You know how, given the right lighting and the right positioning, you can project huge dramatic shadows onto a screen with nothing more than a couple of wiggling fingers? The India show we take around the world, and around India at election time, is a bit like that.
The midday meal tragedy in Gandaman village in Bihar, in which over 20 children have already died after eating food that appears to contain traces of insecticide, is a horrific glance at the reality behind some of our great dancing shadows, in this case the Right to Education Act and the midday meal scheme. Gandaman is only one particularly terrible instance of a lousy general trend -- children all over India regularly suffer food poisoning and poor nutrition from a scheme that is meant to benefit them.
India has good laws on paper. Making the laws generates a sense of action, which too often remains just that: the impression that something is being done. The right to education law mandates one teacher to 30 students, but tens of thousands of so-called schools do not have a building, or have just one classroom, or one teacher for close to a hundred students, or one teacher for all grades of the entire school, or a hastily built building that would be a school if only teachers came to work.
The right to health is part of our right to life, but an unholy number of rural primary health care centres are squalid places staffed by unqualified doctors, providing almost nothing by way of medicine.
You can make a law for the right to food, but ration shops continue to sell goods at market prices and pocket the difference; food storage facilities remain inadequate where grain is abundant; distribution and delivery continue to simply constitute one long chain of commission-making opportunities.
We have laws that guarantee equality with no discrimination against gender or caste, but the police, the judiciary and the executive are themselves steeped in such prejudices.
In other words we, as a society, don’t give a rat’s ass about our people.
If this doesn’t upset our national conscience on moral grounds (morality being deeply unfashionable), it should on economic grounds. How can a country that will soon have the world’s largest pool of young people deal with them when it does not prioritise human capital through health, education and gender equality? This is not just a government or bureaucratic or systems issue, it’s a cultural issue.
Families and communities are the first to bar children (their own or others’) from attending certain schools, eating certain foods, or spending money on health -- depending on whether the child is female or Dalit or otherwise perceived as inferior.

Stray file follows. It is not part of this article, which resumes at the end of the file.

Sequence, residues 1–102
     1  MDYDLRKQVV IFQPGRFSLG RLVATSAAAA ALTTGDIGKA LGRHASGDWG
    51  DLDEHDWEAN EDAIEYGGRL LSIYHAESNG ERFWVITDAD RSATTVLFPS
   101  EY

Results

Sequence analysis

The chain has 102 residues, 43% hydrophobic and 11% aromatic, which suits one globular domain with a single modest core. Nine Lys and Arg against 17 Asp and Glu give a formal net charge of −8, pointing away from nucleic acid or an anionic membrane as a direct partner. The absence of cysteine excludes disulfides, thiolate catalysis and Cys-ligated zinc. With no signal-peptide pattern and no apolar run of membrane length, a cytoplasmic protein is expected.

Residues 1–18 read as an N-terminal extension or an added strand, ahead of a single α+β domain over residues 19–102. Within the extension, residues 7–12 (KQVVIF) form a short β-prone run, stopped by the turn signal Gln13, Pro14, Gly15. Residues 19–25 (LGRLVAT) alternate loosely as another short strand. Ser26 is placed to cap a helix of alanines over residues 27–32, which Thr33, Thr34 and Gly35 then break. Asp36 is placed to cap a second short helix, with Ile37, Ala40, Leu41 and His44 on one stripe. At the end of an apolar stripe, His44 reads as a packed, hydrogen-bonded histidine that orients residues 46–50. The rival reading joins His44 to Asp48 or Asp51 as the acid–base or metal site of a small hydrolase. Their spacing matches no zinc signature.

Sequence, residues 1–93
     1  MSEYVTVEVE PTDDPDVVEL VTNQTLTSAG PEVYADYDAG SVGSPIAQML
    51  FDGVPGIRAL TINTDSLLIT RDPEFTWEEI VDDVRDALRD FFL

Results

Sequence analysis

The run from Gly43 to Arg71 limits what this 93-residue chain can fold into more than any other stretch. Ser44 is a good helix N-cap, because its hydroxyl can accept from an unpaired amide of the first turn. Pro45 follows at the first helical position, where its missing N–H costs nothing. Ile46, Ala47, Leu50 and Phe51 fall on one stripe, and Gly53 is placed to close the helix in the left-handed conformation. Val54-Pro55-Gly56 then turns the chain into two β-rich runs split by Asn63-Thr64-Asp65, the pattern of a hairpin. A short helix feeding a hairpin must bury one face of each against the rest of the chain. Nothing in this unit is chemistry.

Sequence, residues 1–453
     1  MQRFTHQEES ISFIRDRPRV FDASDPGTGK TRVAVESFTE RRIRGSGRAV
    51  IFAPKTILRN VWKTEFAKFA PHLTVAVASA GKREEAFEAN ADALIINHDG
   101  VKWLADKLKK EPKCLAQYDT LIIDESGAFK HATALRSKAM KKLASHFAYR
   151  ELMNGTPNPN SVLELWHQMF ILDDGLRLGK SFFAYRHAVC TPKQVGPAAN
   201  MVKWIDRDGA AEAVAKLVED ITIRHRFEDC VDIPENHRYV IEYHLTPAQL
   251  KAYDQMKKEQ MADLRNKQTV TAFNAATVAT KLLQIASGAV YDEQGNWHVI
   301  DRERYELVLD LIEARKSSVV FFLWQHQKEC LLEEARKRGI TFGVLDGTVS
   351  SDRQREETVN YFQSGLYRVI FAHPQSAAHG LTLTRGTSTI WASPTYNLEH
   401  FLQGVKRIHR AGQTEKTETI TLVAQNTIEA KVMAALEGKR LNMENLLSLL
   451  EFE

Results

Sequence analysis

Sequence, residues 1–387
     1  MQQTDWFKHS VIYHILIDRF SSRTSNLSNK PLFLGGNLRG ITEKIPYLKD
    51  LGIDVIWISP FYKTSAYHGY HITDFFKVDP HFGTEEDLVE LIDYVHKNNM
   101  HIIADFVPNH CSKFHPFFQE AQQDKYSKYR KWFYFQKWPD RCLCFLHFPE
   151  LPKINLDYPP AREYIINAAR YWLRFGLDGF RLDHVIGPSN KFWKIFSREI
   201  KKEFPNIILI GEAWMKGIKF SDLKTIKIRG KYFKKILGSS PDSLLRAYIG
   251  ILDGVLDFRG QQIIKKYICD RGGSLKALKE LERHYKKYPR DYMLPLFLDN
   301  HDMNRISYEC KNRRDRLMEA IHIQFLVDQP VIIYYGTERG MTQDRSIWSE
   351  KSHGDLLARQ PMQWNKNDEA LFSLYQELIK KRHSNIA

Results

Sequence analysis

Where, in this mess, is accountability? Well, that’s the nice thing about shadows rather than brick-and-mortar action: everyone can skip back a step or two saying, “Not me”.
Human Resources Development Minister M M Pallam Raju called the event “unfortunate” and said that “we need to strengthen the scheme and ensure better implementation,” which is what you say when you are trying very hard to say nothing.
The Bihar government reportedly ignored repeated warnings about the quality of the midday meal in the state. The principal of the school in Gandaman, who allegedly forced the cook to use the insecticide tin as a cooking vessel or use bad oil depending on what you read, has locked her house and disappeared into the night.
The anguished protests of parents in Gandaman -- burying children in the school premises and burning vehicles -- demand accountability in a system that seems to specialise in not taking responsibility.
India is lousy at listening to poor Indians, but its feelings are extremely tender when it comes to criticism from the rest of the world. You would think that being outdone by Bangladesh in terms of life expectancy, child immunisation and infant mortality might spur us into action -- but all we have achieved is the fine art of deflection.
Whether or not the Gandaman incident is, as the Nitish Kumar government is alleging, a political conspiracy, the point remains that meals served to Indian schoolchildren need stringent quality control. Gandaman is a particularly tragic case, but it is equally tragic that thousands of schoolchildren all over India are constantly getting sick.
If India really wants to develop, it will have to find ways to back up laws with quality action, not shoddy tokenism. If we want to use our finest resource, we have to start taking our citizens seriously and treating them like worthwhile investments.
The option, if you stick with mere projection, is a shadow republic full of sound and fury, signifying nothing.
Image: Khushi Kumari, who is sick, cries in pain as she lies on a bed inside a hospital in Patna after she consumed contaminated meals ' Photograph: Adnan Abidi/Reuters